Sana Badri has been going to Church Street market, in North West London, since she was eight. “My parents moved to London from Tunisia with me when I was one, as asylum seekers, and we were always moving house as they struggled to find a place to settle, with evictions and so on,” she says. “So I don’t have one particular area I grew up in, but I anchor my childhood in this city and in these personal landmarks like Church Street and Shepherd’s Bush Market, Finsbury Park and Ladbroke Grove mosques. Places that were constants while we were always packing our things and moving.”
Photographs too, have helped root the British Tunisian artist amid a life of transience and uncertainty. “A lot of how I try to engage with people photographically stems from the first photos I was emotionally attached to, and those included family photos at a photo studio in Algeria before we took our final flight to London,” she reflects.
Three years ago, the artist decided to consecrate her relationship with these places through photographs of the people who belong to Church Street’s predominantly North African community. The project also began as the local council’s regeneration team moved into the area to begin consultation on the redevelopment of the bustling market and its surroundings. “I’m very worried about how it will impact the current community,” Badri says.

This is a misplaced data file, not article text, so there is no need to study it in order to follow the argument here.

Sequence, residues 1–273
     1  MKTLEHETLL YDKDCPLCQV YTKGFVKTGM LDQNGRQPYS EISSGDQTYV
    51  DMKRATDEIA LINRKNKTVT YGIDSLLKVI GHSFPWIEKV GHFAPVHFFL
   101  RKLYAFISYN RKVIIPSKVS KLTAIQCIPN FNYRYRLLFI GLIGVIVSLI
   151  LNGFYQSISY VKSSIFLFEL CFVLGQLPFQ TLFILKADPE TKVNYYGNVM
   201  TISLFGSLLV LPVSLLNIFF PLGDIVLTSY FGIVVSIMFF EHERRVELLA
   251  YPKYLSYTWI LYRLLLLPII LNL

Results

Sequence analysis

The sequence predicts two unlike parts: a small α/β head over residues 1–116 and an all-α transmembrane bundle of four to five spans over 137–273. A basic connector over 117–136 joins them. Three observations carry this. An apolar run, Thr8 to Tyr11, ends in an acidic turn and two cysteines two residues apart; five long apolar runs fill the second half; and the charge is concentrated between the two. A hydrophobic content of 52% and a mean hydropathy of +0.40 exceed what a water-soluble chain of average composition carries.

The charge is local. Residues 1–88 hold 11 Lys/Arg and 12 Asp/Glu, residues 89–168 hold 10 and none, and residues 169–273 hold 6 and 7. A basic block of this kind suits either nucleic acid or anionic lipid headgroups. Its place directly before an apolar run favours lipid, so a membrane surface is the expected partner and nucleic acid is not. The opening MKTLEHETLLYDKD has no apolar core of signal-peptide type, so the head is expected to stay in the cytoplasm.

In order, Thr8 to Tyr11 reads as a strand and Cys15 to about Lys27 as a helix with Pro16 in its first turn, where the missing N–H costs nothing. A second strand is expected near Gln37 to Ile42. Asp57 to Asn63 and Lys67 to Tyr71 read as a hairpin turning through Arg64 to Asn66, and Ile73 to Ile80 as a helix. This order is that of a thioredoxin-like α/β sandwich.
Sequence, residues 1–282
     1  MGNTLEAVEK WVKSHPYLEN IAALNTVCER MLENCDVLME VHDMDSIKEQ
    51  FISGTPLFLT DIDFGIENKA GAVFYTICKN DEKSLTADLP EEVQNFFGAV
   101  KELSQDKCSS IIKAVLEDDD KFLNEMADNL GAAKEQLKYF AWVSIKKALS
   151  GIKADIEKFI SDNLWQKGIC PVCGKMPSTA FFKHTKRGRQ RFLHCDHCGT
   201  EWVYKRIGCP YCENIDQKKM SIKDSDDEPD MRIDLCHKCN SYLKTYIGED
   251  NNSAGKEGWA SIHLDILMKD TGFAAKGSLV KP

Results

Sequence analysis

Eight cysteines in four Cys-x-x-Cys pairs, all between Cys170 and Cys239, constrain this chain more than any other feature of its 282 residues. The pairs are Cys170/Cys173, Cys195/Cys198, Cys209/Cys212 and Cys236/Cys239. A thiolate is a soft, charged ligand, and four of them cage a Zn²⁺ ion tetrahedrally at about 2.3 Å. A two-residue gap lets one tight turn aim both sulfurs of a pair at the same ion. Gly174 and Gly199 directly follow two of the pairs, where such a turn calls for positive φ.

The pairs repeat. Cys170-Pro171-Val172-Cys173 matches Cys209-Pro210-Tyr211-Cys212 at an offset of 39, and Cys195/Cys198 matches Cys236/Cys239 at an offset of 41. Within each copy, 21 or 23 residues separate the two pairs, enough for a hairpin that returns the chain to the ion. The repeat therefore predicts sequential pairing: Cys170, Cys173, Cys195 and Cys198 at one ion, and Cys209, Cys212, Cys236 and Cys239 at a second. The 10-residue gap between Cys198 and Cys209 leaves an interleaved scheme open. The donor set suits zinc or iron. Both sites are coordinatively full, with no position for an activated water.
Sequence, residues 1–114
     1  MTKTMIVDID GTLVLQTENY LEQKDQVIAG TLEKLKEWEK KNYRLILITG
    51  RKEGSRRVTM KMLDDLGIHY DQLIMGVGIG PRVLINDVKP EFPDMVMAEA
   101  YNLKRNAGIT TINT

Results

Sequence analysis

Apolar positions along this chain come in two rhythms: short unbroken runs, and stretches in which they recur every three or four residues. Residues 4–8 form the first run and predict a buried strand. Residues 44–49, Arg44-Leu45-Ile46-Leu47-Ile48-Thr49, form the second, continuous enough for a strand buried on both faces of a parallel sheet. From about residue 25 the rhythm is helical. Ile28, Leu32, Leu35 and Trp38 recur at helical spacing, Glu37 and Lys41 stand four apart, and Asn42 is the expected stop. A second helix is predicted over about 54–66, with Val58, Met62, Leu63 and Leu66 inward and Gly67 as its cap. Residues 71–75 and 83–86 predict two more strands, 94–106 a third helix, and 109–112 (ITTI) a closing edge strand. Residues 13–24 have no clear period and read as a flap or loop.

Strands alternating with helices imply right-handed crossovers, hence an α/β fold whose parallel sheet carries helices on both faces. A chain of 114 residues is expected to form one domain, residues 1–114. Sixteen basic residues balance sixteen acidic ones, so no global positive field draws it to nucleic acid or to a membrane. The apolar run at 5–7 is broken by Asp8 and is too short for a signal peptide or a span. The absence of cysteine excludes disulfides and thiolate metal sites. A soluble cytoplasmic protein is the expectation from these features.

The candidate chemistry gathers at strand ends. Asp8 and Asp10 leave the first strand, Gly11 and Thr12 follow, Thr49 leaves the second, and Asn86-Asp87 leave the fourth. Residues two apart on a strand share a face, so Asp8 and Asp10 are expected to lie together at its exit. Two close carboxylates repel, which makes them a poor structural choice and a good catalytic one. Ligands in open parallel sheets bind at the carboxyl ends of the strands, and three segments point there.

“I don’t have one particular area I grew up in, but I anchor my childhood in this city and in these personal landmarks”
There is indeed a sense of wistfulness to these pictures, the texture of the analogue film inevitably lending an atmosphere of nostalgia for the present as it passes in the moment, while making something tangible and certain from it. It is affirmative, a living document: the market is not just attractive for its wealth of sensory offerings, replete with produce and food for sale, but also a social space where “people gather, sit and hang out, get lunch, buy their groceries… it’s a special place”, as Badri puts it.
It’s in this way that Badri’s project connects to something outside the place and people it pays such close attention to. It tells a story of how communities exist in urban centres, how they thrive, defying the view that metropoles swallow up these ways of life, the market emerging as a multigenerational, multicultural meeting point.
Artists have long been inspired by the endless hustle, the bustle, the coming together, the particular liveliness of the market, and its ever-changing rhythm, even with its familiar faces. The overload of sights, shouts and smells, the mix of the perfunctory, the everyday and the magnificent. There’s something resoundingly human about it all, and photography is the perfect medium to capture the chaos, to allow you to experience the market at a slower pace, to see all the things you inevitably miss in the moment.
It’s not only the photogenic quality of markets, but what they represent, that makes them such a popular subject. As Badri expresses in her long relationship with Church Street, they are a social ritual that has passed down generations.
One of the most striking things about Badri’s series of portraits on Church Street is how everything happens side by side. A bored trader sits on his phone; another pair share a joke, an embrace. A woman browses for clothes as a fishmonger washes the catch of the day. A father smiles as his baby takes precarious steps, teenagers play ping pong. And then suddenly, an empty, well-worn chair. The errant stallholder, nowhere in sight.
All images courtesy Sana Badri